Mr Smith says that the orders are particularly successful with older children, as “they do not forcibly break the links with their parents”. Older children are much less likely to be adopted than the under 5s. In the year to March 2011, 97 per cent of children adopted were under 9.
Councillor Caroline Needham, Hammersmith and Fulham’s shadow cabinet member for education and children’s services, praises the borough’s efforts: “That Hammersmith and Fulham has a high level of special guardianship orders is a very praiseworthy achievement.”
She agrees that it is good for children to retain links with their birth families: “It’s good that children are raised by somebody who loved their mothers, and who understands why their mother wasn’t able to look after them.” She adds: “I’ve always taken the view that a good outcome for children is above politics.”
Special guardianship orders are also cheaper for councils than keeping children in care. Hammersmith and Fulham said recently that “over 30 per cent of the total budget of the council’s children’s services budget is spent on just 0.6 per cent of children living in the borough. The council spends, on average, around £1,000 per week to care for a looked-after child. Over the past five years, 50 children in H&F have left care with a permanency order, which equates to a saving of around £2.5 million.” A permanency order involves adoption, or a special guardianship order.
But there are questions about the allowances guardians receive for caring for a child under a special guardianship order. Payments are means-tested, and the final decision remains with the local authority. The York University research found that “many [carers] received less money than they did as foster carers”, and that there were “continuing concerns about financial security”.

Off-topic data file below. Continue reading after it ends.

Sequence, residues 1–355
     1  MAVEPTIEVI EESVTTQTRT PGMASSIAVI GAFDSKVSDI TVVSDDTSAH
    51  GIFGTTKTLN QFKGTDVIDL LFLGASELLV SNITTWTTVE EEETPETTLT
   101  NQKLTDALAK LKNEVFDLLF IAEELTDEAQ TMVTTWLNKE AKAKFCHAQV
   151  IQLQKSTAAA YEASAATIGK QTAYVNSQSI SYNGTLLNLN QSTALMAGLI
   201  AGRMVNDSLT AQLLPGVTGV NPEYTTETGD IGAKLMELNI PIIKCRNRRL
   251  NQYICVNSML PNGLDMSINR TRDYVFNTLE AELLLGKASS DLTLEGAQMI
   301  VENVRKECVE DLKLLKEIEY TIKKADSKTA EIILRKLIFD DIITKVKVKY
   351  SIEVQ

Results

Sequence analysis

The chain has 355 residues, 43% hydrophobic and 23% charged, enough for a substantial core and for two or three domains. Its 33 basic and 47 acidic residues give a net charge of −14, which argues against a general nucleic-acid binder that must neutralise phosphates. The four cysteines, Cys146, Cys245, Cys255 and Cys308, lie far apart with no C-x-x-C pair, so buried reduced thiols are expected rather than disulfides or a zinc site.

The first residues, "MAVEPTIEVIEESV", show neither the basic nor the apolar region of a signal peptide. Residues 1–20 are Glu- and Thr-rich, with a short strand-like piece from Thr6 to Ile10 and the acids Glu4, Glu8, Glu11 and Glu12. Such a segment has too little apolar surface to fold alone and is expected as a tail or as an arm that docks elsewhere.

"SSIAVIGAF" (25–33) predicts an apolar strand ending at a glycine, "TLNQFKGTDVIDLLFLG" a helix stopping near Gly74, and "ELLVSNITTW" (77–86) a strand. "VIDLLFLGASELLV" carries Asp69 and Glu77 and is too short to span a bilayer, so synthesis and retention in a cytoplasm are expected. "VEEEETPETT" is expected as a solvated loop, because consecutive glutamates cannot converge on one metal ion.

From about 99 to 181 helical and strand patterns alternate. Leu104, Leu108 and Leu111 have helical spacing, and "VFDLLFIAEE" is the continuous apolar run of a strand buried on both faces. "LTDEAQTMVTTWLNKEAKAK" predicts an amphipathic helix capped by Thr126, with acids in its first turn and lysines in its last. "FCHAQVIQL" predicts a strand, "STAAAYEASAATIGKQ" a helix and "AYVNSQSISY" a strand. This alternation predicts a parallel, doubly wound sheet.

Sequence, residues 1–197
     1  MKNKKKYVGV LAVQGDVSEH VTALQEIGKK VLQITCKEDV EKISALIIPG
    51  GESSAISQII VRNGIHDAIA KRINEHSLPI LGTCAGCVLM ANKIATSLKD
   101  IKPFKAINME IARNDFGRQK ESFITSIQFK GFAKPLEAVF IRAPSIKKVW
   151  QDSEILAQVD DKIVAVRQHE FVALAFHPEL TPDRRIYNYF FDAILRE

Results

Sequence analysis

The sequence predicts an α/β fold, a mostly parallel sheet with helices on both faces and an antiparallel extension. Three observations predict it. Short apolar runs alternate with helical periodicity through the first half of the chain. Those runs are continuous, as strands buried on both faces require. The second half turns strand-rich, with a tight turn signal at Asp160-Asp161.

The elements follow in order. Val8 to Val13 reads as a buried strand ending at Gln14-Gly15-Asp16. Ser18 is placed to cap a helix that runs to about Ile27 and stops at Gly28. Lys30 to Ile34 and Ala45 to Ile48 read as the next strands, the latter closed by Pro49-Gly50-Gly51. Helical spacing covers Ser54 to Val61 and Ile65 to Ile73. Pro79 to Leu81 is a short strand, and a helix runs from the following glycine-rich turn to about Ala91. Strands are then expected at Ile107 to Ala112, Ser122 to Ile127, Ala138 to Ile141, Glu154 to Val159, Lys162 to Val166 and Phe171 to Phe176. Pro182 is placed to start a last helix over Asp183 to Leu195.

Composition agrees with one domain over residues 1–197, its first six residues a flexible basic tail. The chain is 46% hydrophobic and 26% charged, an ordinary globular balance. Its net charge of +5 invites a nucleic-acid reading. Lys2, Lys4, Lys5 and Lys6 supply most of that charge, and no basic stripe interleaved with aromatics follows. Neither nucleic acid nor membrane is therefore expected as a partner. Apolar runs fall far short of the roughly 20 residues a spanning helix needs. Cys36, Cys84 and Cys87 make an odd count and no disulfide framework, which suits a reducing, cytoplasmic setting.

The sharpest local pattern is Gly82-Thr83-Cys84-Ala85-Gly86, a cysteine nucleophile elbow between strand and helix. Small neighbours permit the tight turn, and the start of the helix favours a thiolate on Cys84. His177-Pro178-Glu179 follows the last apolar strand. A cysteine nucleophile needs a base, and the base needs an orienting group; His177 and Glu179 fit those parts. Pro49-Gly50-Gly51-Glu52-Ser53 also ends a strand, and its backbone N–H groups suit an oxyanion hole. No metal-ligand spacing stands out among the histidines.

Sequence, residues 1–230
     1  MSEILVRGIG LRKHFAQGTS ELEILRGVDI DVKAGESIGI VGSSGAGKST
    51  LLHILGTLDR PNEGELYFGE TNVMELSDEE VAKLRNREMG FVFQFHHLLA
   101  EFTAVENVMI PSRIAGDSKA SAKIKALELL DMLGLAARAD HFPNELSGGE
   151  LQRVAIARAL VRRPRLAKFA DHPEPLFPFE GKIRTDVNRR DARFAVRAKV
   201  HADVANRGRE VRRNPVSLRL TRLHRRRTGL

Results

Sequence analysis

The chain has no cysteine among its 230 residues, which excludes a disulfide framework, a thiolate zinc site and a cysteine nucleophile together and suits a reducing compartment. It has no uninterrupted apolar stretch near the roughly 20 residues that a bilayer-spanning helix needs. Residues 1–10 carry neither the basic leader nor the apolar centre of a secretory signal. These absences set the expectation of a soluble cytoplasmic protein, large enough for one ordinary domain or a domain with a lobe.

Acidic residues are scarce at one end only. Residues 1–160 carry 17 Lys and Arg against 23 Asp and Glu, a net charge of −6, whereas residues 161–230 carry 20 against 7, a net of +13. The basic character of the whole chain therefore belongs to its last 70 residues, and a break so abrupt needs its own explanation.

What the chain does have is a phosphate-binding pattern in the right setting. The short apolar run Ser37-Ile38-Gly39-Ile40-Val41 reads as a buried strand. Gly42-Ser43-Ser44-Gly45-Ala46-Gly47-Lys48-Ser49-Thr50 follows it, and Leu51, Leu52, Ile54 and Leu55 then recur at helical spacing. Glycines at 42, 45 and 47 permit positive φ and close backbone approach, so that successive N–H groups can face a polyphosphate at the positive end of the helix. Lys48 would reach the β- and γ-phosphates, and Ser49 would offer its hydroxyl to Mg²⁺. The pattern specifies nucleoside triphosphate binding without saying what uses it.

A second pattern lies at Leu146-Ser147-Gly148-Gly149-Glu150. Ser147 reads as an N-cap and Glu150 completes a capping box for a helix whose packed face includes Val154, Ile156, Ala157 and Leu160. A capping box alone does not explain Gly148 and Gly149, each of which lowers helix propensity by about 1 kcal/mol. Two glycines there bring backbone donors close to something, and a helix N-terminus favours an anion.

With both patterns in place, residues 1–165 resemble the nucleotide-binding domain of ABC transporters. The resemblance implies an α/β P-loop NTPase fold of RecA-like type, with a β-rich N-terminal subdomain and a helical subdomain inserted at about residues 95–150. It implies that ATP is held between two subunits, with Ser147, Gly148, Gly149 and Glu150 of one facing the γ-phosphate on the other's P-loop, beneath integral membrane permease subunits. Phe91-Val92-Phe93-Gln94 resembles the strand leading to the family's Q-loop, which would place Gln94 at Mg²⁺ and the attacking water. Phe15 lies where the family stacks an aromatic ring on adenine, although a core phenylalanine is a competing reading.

Cllr Needham said: “My view is that [carers] should get an allowance from the age which the child is their responsibility up until the age of 18, but sometimes guardians only receive it for a certain number of years.” She plans to look into the question of carers’ allowances.
Hammersmith and Fulham do still have a high proportion of children in care, with the borough’s ratio almost double the national average. Councillor Phibbs says that the high number of children in care in Hammersmith and Fulham is “partly to do with the affluence of the area.” He said: “We have made a big deal about our progress, but we need to keep going with the reduction. We do need to be better; there is still some way to catch up.”
Percentage of children who ceased to be in care due to adoption
Percentage of children who left care due to adoption
3 Year average (2009, 10, 11)
Hammersmith and Fulham
Kensington and Chelsea
Percentage of children who ceased to be in care due to a special guardianship order
Percentage of children who left care due to a Special Guardianship Order